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Old Jan 1, 2013, 04:57 PM   #1
salacious
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raw fine tuning... aperture 3

so i mainly use my dslr as a filmmaker, however i do use it for photos aswell, so took some xmas snaps and noticed that when i loaded raw photos into aperture, it went from a flat picture to one that was really boosted in contrast/saturation which isnt what i expected from a raw file and infact makes all my pictures look like a jpeg file.

that was until i went into raw fine tuning, for some reason (im not an aperture expert so have no idea of the purpose) the boost and hue boost were both at 1.00 which when i reduced it down to boost 0.20 and hue boost 0.0 the picture looked exactly more or less as it should have in the first place?

i use a canon 600d so is this something that was supposed to do in the first place? why would apple put such a horrible preset in?

am i wrong to reduce the boost?

your thoughts please.
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Old Jan 1, 2013, 06:00 PM   #2
MCAsan
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Calibrated monitor?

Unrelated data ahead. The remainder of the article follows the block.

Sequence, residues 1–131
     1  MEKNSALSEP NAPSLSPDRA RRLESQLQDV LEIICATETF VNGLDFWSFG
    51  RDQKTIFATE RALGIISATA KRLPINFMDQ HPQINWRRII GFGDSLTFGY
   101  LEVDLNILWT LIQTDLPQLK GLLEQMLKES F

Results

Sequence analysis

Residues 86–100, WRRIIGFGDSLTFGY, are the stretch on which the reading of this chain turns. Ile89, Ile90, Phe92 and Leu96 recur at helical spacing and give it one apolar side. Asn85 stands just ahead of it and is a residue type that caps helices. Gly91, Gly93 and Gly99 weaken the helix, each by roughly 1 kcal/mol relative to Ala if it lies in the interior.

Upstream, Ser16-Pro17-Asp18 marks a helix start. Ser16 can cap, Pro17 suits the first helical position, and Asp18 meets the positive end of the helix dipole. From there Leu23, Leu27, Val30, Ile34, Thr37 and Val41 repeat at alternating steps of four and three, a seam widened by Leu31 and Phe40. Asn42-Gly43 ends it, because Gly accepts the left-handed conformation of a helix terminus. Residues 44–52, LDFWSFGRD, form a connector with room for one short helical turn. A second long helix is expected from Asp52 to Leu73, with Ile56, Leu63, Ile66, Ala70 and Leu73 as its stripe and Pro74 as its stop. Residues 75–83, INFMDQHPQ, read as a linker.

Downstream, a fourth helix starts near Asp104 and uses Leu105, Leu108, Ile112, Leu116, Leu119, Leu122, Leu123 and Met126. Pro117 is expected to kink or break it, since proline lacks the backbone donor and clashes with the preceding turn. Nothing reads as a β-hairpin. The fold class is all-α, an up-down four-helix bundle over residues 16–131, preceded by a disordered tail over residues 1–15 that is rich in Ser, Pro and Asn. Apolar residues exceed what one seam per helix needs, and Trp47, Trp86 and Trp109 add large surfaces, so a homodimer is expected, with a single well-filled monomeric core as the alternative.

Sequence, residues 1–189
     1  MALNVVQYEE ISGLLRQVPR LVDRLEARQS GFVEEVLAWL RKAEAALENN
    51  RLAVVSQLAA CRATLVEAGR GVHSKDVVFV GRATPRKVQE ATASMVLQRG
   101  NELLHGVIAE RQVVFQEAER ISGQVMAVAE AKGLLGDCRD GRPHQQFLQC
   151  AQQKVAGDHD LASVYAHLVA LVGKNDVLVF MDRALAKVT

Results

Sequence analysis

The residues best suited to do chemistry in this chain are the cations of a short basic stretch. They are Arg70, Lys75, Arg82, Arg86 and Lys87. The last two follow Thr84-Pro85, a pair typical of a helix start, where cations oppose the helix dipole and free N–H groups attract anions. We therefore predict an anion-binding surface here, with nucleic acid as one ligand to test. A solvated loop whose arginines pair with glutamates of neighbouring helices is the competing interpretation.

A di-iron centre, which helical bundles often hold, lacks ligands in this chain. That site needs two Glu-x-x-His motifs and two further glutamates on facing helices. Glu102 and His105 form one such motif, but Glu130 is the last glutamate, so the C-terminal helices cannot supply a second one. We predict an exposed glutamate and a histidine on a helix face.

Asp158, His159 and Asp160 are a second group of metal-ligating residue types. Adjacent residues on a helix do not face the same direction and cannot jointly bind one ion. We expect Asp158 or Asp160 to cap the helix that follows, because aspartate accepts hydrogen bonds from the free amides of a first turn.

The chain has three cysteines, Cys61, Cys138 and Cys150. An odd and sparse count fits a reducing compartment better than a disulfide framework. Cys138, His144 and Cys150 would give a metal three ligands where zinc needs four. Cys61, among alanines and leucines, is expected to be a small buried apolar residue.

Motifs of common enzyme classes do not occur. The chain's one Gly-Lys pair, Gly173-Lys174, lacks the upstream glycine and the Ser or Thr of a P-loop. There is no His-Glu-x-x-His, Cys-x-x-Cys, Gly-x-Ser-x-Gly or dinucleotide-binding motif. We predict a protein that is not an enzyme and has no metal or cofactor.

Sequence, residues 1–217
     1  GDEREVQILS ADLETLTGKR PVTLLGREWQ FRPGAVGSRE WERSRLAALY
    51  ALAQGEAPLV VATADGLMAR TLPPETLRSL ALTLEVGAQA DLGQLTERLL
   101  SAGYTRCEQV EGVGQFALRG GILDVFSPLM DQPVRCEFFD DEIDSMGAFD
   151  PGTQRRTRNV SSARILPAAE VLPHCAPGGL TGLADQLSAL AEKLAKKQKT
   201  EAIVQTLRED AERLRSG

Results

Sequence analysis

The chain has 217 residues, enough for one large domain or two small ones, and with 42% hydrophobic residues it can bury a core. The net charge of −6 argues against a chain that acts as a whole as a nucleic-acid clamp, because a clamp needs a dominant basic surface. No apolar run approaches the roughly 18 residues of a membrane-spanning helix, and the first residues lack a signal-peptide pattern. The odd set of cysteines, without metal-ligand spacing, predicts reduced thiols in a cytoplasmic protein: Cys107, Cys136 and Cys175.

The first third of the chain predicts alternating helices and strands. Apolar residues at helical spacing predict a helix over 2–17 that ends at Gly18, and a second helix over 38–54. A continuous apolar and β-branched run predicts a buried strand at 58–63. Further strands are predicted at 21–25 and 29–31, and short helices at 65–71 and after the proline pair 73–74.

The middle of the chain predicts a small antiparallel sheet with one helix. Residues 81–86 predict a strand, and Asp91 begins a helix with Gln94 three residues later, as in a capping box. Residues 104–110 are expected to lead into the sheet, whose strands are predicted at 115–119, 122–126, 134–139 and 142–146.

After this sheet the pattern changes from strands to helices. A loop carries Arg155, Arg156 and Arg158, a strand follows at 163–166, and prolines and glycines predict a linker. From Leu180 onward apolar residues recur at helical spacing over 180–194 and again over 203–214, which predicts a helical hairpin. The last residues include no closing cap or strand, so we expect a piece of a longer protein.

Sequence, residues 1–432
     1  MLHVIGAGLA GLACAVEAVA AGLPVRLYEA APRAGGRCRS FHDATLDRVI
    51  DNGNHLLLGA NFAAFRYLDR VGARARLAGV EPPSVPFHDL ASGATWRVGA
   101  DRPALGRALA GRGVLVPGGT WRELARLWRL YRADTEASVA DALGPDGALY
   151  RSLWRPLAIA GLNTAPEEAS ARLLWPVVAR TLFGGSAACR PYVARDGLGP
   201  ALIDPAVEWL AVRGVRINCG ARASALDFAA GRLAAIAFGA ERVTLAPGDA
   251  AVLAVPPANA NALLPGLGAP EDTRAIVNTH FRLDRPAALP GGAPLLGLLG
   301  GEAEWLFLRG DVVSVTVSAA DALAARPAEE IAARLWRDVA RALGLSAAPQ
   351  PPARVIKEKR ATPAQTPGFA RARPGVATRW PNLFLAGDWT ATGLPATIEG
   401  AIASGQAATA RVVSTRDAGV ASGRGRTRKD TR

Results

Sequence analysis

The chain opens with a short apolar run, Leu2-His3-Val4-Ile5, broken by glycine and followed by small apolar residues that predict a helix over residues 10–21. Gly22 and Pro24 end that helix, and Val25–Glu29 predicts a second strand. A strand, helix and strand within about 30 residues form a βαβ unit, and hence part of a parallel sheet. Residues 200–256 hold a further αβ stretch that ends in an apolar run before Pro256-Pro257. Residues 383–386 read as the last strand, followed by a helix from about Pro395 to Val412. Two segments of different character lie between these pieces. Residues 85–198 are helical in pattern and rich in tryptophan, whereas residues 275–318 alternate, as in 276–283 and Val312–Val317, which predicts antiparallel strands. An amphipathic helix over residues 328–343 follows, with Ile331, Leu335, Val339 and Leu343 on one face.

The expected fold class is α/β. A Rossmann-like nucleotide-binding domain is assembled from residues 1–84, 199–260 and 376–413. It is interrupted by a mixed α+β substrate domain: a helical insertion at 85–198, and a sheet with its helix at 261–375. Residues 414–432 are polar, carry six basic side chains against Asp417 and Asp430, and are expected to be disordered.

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Old Jan 1, 2013, 06:33 PM   #3
salacious
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Originally Posted by MCAsan View Post
Calibrated monitor?
nothing to do with monitor, the colours are saturated way too high using apples default which is 1.o for both boosts.
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Old Jan 2, 2013, 05:58 AM   #4
mtbdudex
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Quote:
Originally Posted by salacious View Post
nothing to do with monitor, the colours are saturated way too high using apples default which is 1.o for both boosts.
wrong, default is 1.0 for saturation and 0.0 for vibrancy, both are the neutral value, the mid-point of the sliders. if you go to 0 on saturation that takes you to B&W.

Look here, go to lesson 8 correcting color:
http://www.amazon.com/Apple-Pro-Training-Series-Aperture/dp/0321898648#reader_0321898648

Is your monitor calibrated?